{2jtab: Movie Review}

The Stranger (1946) - Blu-ray Movie Review


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4 stars

Leave it to Orson Welles to tackle the subject of continued fascism after WWII.  Never one to shy away from topicality, left-wing minded Welles directs The Stranger, after stroking the coals of paranoia and isolation with unapologetic opening, that those who once aligned their beliefs to those of the Nazi party would simply wait out their time until another sad uprising occurs.  That was in 1946 and still that level of hatred and intolerability is with us.  Was Welles correct?  If news reports are to be believed, it certainly seems that way.  But not content to stop there with his political offerings, Welles brings the idea of sustained fascism into small town America when a Nazi sympathizer arrives to pay an old friend a visit.

Franz Kindler (Orson Welles) is a fugitive.  Living under an assumed alias, Charles Rankin, and working as a professor in Connecticut.  Once a member of the Nazi party and supposed theorist of genocide, Kindler now hides his war crimes deep inside the shadows of his heart.  Yet, in conversation, his theories pop up from time to time – especially when he gets too passionate about war conversations and his obsession with clocks.

Mr. Wilson (Edward G. Robinson) has been assigned to find the fugitive war criminals hiding in America and, upon his insistence, allows for a Nazi criminal to be granted into America knowing that he will lead him to Kindler.  Yet, Kindler refuses to be captured that easily and kills humans, animals, and even threatens his newly wed wife, Mary Longstreet (Loretta Young), as he runs and twists his way free of Wilson’s tightening grip.

“Murder can be a chain,” Welles says to his wife after one version of the truth has been disclosed to her.  So can paranoia – which this film delivers by the bucketfuls courtesy of Welles’ structured scenes and twisted camera positioning.  Welles wants his audience to think and to second guess what they are seeing and he stages the camera to deliver the truth in such a manner.

To say that The Stranger is classic Welles is an understatement.  This is THE forgotten classic – one of his only era hits – that time has been unfortunate to.  Shockingly brutal and rich in shadowplay, The Stranger builds upon its character positioning an intolerable sense of doom and dread that pays off in a stunning conclusion that displays exactly what kind of cinematic genius Welles was as a director and a performer.

Key to this film is Young’s confident performance as the war criminal’s unknowing wife.  Naïve, yet loving throughout, she slips into her role with the marked strength of a learned knowledge that betrays her young age.  She recoils in horror once she is exposed to the truth of her husband’s crimes – real footage from the concentration camps (rumored to be the FIRST time the footage was used in Hollywood) – her sudden change is as deadly as it is innocent.  Especially in light of her husband’s exposed plot to protect his own life while taking hers inside the town’s clock tower he so lovingly restored in order to win over the town with his selflessness.  Yet, the truth in his soul won’t stay hidden.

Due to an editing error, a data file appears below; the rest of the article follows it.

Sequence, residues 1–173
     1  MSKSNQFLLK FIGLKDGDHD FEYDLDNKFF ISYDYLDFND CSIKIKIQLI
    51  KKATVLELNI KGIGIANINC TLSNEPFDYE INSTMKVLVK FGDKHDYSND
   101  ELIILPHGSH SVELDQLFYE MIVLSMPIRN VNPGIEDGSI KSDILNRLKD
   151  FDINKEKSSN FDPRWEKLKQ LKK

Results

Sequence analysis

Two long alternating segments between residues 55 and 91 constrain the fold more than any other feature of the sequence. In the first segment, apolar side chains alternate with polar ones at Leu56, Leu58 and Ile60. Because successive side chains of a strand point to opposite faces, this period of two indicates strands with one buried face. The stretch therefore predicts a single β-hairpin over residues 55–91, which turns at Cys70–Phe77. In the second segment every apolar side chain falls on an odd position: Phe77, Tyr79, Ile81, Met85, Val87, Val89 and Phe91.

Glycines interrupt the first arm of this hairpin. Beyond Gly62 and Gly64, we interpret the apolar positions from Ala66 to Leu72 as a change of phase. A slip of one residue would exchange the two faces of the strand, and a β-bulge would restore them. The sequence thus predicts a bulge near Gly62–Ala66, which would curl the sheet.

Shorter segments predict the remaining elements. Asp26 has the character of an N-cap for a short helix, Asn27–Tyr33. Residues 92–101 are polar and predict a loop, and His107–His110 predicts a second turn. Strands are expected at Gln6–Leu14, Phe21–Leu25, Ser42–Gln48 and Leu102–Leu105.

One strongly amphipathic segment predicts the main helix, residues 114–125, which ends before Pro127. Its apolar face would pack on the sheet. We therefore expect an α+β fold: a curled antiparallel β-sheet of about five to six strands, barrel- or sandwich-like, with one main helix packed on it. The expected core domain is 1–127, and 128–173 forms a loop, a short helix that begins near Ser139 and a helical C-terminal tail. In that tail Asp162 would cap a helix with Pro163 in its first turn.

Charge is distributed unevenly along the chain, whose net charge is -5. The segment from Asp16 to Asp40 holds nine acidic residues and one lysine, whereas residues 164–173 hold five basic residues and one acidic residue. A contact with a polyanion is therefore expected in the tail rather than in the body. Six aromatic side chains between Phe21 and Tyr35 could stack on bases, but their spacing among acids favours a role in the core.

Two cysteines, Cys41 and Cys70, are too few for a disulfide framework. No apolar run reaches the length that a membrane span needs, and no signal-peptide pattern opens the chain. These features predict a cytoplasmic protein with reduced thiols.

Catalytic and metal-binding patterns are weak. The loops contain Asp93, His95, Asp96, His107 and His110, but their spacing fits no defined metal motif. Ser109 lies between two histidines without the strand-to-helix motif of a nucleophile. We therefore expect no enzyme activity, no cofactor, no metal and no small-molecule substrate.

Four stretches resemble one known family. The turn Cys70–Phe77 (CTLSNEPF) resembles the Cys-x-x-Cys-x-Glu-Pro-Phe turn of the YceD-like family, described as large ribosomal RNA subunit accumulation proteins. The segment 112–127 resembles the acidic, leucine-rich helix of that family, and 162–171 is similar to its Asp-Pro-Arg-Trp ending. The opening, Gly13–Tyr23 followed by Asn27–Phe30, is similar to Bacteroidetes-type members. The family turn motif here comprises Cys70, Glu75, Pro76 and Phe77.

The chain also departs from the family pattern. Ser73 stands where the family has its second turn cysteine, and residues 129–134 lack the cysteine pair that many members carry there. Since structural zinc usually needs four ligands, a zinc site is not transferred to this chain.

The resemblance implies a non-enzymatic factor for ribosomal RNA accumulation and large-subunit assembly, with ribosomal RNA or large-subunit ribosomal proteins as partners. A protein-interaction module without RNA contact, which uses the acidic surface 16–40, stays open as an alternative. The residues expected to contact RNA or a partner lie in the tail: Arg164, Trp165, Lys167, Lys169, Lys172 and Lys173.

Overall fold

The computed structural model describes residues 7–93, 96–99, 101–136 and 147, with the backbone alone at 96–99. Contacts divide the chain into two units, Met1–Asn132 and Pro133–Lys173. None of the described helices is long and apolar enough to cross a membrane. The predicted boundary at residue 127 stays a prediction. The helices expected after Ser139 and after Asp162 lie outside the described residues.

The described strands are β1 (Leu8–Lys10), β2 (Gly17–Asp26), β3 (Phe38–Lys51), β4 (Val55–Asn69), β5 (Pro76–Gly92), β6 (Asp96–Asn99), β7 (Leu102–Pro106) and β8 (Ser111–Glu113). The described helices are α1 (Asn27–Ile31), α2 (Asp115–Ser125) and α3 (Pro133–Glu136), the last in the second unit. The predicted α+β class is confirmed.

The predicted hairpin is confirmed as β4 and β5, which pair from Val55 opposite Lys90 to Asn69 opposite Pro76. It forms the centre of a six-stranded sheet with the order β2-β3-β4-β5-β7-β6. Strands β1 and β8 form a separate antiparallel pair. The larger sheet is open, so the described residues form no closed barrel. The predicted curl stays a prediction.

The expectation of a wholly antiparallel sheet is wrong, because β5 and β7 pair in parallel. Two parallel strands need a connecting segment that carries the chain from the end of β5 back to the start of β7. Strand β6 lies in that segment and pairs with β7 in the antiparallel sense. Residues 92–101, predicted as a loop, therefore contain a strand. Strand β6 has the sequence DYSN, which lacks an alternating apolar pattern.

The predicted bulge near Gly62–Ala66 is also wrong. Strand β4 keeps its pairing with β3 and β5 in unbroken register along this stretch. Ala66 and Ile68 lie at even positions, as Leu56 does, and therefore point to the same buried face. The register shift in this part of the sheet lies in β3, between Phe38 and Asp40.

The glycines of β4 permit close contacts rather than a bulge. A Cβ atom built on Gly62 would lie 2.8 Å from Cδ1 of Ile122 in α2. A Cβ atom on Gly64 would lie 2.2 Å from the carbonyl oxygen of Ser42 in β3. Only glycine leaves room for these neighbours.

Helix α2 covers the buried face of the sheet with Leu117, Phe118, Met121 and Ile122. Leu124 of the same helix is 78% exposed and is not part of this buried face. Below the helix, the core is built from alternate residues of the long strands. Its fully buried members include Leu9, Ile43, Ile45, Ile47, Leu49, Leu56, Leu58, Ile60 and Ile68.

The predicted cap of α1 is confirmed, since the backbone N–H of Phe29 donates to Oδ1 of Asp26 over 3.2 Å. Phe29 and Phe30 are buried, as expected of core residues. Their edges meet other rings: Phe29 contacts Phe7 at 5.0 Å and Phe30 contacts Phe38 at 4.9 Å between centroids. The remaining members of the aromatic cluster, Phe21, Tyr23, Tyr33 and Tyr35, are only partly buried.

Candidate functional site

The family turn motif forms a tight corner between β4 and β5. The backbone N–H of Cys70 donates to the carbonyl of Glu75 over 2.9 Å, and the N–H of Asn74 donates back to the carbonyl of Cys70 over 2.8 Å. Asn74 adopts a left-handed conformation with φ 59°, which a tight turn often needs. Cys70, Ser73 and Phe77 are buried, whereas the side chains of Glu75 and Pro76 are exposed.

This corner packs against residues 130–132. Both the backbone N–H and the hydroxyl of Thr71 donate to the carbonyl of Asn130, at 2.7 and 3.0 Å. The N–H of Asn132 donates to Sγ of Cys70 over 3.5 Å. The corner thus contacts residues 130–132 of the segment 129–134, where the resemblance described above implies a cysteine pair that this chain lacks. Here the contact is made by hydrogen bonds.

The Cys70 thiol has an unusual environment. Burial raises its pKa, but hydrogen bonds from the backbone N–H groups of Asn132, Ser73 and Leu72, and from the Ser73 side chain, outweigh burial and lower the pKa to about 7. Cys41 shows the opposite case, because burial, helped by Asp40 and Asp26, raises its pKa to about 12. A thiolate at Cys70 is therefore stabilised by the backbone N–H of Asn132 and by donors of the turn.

Ticking with a sense of urgency, the film raises the stakes until all our characters are forced into a life and death situation inside the clock tower.  Suddenly, all obsessions make sense – even Young senses the distance behind her husband’s eyes as he tells her she will die.  It’s a stunning sequence that rivals anything inside Charles Foster Kane’s precious Xanadu.

Cold, ominous, and twisted, The Stranger is one visitor you won’t soon forget.


{2jtab: Film Info}

The Stranger (1946) - Blu-ray Movie ReviewMPAA Rating: this title is not yet rated by the MPAA.
: Orson Welles
: Anthony Veiller
Edward G. Robinson, Loretta Young, Orson Welles, Philip Merivale, Richard Long, Konstantin Shayne
: Crime | Drama | Mystery
The Most Deceitful Man A Woman Ever Loved !
Memorable Movie Quote: "'Course, he's changed some. Being buried in the earth does that."
RKO Radio Pictures
Release Date:
May 25, 1946
DVD/Blu-ray Release Date:
February 15, 2011

Synopsis: Wilson of the War Crimes Commission is seeking Franz Kindler, mastermind of the Holocaust, who has effectively erased his identity. Wilson releases Kindler's former comrade Meinike and follows him to Harper, Connecticut, where he is killed before he can identify Kindler. Now Wilson's only clue is Kindler's fascination with antique clocks; but though Kindler seems secure in his new identity, he feels his past closing in.


{2jtab: Blu-ray Details}

The Stranger (1946) - Blu-ray Movie Review

Component Grades

Blu-ray Disc
4 stars

2 stars

Blu-ray Experience
3 stars


Blu-ray Details:

Available on Blu-ray - January 11, 2011
Screen Formats: 2.40:1
: English, English SDH, Spanish
English: DTS-HD Master Audio 5.1
Discs: 50GB Blu-ray Disc; Single disc (1 BD); BD-Live; Blu-ray 3D

Since its original distributors didn’t see fit to renew its copyright, The Stranger has been in public domain Hell for awhile now.  This release, presented by Film Chest, makes an effort to clean up the print, but - seeing as how they can’t remaster the film from an original 35mm negative – the 1080p transfer is far from perfect.  Is it better?  Yes, but their efforts to clean the print have unfortunately washed most of the film grain away.  The resulting picture is rather shiny and claylike.  Sometimes muddy and sometimes perfect, the unevenness of the film’s quality isn’t a distraction…only a disappointment.



  • None

Special Features:

There are only two supplemental items: a trailer and a wordless restoration clip.  Noteworthy as it does show where the print was and what their processes did to it, but nothing really of any substance.  The blu-ray does include a DVD of the film and a postcard of the original poster.


{2jtab: Trailer}